Sunday, February 18, 2007

Sub-Prime plumetting

The Economist

"The Eliot Spitzer of the housing downturn may be about to start his charge." Values of BBB- down 20% in 3-4 months...! No one quite knows in whose hands these little bombs will ultimately explode. The fear is that they all sit in the lap of a few big hedge funds.

Posted by financial planner @ 03:55 PM (534 views)
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8 thoughts on “Sub-Prime plumetting

  • Why is anyone surprised that the “sub-prime” market is about to implode. I have no economic training or background but common sense tells me that lending money to those with a history of defaulting on loans is beyond stupidity. Greed will be the downfall of many US and, in turn, British institutions. I just hope it doesn’t impact on those of us who have taken a more prudent approach. I urge all of you to start spreading your eggs into many baskets – hopefully ones that will survive the coming UK/USA economic downturn.

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  • Financial Planner, good find

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  • @Uncle Chris: YOu are therefore smarter than the GBP300,000 p.a. quantitative analysts (Quants) that infest the City.

    It will definitely impact on everyone. Credit Spreads (like insurance premiums aginst defaults) will widen, making everything more expensive for all.

    The most scary thing is if our Govt is stupid enough to listen to the braying hamsters/sheep who borrowed and spent without thinking of paying the money back. If we “let hese people off”, this constitutes a moral hazard which will sink our country.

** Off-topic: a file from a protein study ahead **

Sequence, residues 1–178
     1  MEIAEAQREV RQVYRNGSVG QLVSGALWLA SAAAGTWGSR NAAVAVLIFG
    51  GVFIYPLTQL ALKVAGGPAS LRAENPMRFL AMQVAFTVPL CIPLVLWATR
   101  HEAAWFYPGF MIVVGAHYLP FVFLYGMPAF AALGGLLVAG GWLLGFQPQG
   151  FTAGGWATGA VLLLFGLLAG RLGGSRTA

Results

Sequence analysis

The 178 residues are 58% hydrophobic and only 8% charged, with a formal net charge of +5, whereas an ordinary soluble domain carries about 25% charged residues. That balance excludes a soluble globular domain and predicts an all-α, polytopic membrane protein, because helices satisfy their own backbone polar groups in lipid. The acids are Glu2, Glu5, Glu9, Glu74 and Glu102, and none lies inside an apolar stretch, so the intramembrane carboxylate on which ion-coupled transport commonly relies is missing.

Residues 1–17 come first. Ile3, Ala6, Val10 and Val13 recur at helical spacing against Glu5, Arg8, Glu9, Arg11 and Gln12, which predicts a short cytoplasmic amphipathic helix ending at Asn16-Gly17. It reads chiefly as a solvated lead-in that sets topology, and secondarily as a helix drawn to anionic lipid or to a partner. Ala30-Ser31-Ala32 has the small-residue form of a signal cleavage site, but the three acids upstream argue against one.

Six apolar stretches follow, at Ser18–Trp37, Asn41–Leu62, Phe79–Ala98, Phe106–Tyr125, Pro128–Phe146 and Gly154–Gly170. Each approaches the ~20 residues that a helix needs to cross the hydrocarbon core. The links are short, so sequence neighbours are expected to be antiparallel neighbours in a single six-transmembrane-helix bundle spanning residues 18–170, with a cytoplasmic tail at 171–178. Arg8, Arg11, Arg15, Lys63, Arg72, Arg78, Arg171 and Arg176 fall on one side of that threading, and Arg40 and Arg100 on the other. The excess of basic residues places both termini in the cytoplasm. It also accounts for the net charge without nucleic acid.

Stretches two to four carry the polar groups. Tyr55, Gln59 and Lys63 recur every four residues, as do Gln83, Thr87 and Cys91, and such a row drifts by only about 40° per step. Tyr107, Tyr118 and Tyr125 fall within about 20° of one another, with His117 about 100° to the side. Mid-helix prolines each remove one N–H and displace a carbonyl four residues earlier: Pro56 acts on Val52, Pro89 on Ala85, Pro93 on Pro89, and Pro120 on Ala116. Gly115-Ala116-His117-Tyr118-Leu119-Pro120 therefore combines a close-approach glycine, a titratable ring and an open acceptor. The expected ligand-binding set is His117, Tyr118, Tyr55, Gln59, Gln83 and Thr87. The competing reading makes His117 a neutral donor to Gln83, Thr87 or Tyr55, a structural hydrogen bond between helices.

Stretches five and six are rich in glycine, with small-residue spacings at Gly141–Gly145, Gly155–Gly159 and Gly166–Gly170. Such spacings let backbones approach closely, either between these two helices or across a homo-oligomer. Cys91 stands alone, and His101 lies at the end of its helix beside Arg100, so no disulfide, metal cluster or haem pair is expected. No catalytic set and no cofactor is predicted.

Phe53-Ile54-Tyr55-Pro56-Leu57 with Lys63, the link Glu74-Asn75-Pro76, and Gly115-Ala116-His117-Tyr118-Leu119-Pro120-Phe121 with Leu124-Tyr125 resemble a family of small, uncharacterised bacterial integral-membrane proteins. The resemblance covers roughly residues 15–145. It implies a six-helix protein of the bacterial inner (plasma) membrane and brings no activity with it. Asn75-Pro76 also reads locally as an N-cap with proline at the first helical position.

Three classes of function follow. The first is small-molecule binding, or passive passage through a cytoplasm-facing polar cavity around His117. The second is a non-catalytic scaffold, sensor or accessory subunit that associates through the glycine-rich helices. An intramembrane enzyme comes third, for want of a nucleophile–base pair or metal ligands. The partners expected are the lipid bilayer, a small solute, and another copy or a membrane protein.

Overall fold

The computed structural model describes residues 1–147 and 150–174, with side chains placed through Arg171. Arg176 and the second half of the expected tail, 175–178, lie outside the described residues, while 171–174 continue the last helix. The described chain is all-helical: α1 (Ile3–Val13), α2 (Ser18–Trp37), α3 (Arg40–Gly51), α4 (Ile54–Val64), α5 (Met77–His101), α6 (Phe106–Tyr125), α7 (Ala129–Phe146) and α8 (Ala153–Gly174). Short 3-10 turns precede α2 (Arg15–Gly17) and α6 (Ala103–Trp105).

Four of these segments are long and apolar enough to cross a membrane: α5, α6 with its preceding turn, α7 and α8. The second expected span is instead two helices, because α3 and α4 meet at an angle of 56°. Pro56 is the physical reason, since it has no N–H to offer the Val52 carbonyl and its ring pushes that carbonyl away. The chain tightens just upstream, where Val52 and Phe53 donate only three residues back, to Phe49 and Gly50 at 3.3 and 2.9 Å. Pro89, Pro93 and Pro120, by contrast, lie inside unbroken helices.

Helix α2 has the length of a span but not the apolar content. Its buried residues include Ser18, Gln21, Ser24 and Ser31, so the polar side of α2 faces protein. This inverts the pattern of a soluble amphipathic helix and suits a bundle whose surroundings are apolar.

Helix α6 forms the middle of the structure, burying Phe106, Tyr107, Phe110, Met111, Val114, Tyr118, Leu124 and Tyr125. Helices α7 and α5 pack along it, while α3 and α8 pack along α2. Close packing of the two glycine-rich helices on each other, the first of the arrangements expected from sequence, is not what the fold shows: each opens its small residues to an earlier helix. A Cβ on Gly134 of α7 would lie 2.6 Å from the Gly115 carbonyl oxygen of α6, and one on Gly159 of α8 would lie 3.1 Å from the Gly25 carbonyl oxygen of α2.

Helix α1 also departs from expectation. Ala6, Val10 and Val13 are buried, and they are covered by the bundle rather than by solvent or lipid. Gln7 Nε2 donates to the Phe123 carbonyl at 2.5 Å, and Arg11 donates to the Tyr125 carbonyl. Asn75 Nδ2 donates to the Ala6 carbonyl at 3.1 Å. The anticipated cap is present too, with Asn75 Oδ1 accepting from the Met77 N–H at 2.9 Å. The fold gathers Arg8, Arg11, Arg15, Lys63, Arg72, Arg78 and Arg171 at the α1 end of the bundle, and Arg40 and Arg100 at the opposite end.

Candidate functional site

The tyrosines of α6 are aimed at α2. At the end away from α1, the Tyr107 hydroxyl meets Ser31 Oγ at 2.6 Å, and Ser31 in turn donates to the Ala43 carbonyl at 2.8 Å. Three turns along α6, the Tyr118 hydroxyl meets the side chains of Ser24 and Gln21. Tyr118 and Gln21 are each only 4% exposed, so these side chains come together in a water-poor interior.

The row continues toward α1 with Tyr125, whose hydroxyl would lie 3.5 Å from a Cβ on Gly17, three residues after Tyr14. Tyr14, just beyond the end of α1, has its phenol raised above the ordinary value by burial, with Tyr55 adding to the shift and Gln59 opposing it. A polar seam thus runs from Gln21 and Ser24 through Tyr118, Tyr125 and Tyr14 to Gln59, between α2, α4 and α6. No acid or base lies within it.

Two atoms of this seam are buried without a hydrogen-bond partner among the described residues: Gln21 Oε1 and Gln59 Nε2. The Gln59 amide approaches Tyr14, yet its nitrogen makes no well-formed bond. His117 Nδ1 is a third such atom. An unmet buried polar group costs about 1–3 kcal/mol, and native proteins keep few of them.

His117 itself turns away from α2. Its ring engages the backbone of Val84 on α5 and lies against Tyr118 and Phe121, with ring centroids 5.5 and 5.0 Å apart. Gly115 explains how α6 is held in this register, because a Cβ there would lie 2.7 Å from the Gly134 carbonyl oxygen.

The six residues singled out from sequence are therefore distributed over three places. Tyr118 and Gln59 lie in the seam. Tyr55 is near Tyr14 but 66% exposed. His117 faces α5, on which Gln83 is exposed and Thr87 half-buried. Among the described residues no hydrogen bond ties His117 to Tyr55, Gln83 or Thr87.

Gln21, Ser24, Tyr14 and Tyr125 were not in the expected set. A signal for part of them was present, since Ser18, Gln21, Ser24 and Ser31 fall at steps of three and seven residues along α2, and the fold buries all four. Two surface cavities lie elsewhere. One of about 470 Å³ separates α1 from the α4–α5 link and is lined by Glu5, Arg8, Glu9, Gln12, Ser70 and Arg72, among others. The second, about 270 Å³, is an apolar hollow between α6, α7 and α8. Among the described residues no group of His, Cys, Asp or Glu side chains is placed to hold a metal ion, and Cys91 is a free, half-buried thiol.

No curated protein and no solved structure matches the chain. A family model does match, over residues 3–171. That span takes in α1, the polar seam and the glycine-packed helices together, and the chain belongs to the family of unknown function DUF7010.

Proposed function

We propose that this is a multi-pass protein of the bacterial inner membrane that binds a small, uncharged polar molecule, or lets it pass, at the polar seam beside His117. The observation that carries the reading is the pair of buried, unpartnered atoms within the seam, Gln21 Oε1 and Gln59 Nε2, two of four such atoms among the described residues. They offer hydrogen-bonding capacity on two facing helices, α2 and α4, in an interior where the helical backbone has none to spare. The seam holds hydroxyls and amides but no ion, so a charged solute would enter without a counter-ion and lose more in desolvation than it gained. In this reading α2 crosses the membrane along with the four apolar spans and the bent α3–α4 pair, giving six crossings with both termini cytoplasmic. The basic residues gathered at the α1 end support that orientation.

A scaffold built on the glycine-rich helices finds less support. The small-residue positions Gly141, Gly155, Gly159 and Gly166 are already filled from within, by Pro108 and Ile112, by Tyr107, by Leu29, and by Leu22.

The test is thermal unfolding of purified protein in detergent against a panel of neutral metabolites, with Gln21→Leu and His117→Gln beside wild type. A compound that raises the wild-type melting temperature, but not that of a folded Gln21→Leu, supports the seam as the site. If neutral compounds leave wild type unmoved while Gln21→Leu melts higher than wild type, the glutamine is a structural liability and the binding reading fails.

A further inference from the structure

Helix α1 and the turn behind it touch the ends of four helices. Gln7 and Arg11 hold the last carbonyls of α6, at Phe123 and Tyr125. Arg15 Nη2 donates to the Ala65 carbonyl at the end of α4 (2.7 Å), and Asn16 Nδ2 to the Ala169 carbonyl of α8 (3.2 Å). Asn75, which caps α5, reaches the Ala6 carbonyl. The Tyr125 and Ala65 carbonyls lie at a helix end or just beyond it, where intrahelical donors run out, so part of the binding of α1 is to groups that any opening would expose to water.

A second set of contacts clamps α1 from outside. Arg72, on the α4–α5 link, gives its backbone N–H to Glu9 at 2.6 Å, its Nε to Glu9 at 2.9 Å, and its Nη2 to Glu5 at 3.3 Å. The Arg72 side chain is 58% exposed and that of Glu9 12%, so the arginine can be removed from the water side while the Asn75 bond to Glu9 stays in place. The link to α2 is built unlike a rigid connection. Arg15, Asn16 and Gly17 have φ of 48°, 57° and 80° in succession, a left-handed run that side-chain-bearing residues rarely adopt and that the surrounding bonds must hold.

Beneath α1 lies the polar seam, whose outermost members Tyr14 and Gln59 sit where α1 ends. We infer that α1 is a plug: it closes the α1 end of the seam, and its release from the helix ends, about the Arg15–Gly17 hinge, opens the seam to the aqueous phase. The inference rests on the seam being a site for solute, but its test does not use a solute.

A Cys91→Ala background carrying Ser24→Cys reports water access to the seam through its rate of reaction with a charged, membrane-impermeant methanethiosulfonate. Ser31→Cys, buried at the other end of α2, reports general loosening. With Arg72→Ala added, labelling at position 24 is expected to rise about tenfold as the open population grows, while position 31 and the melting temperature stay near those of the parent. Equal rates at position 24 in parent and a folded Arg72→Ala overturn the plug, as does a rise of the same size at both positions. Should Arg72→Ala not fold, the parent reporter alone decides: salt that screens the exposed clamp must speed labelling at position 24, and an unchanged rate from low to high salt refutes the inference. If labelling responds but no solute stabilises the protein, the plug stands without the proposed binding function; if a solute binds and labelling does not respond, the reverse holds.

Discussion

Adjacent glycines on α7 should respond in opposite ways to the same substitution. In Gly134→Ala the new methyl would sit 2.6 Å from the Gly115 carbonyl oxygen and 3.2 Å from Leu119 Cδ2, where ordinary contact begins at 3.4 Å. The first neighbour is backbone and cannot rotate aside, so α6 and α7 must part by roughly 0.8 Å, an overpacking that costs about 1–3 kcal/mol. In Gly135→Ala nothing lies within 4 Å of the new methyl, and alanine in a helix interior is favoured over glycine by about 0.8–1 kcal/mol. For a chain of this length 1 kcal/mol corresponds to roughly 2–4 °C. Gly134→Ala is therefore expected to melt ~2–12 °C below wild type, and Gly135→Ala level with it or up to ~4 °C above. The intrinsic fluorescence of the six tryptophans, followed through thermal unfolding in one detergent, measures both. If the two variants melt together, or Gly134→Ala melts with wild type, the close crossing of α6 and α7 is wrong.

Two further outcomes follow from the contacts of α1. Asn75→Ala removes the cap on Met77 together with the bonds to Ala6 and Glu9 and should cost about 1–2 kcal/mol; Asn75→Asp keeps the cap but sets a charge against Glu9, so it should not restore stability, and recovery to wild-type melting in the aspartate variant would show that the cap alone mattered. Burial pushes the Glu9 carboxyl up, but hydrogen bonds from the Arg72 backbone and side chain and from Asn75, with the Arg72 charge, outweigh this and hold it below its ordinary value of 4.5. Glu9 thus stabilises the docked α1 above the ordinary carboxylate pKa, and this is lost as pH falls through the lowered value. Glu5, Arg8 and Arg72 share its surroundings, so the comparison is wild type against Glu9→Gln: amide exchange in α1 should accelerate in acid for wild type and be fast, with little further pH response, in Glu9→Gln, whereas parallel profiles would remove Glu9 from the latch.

No one in their right mind will lend us money.

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  • “Banks that write mortgages are also contractually obliged to buy back securitised loans if their underwriting is shown to be shoddy or if the loans sour too quickly.” Ouch!

    Why would anybody buy high risk debt when bancruptcy is so easy?!

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  • Ivmreader: Having taught a few “quants” as students I’m not surprised.

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  • “This end of the market took on $605 billion of new mortgages last year, more than a fifth of the total”

    By no means a small sum and with a high default rate, expect substantial fall out.

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  • dohousescrashinthewoods says:

    So what we’re saying, Sovietuk, is that, in a bubble, the more stable, prudent customers stayed at home, while the poor and poorly-educated were whipped into a housebuying frenzy by the Murdochs in an attempt to sustain Gordon’s miracle long enough for him to get into power?

    Except that there seems to have been a falling out between Murdoch’s Ministry of Information and our cuddly Gopher Brown, because the papers are now stirring in the opposite direction.

    Meantime, the global economy looks set to pick up the tab for the unpaid economic pain which has been staved off and growing since the dot-com bust.

    Anyone know of some good agricultural work in, say, Swizerland? Financial services looks set to start eating its own paper money.

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  • I think the problem with the USA and here as well is that credit/debt is now a culture. Can you really blame the individual any more for taking out hugh debts. If less debt was offered to the general public, it is entirely possible that we would all still be buying our toys, but instead credit is offered to a few big spenders, those spenders start buying like there is no tommorrow, inflation goes up, and the next thing, the average joe has to take out debt to maintain his standard of living.

    Asking the individual to realise what is going on in this scenario from the beginning is asking a little much. Isn’t this why we have a finance minister, to undetstand this stuff for us?

    As for the lending practices, its much like politics – as long as its profitable today, you’ll be at your next job by the time the shit hits the fan, and you’ll have a nice bonus and a couple golden hellos for your efforts.

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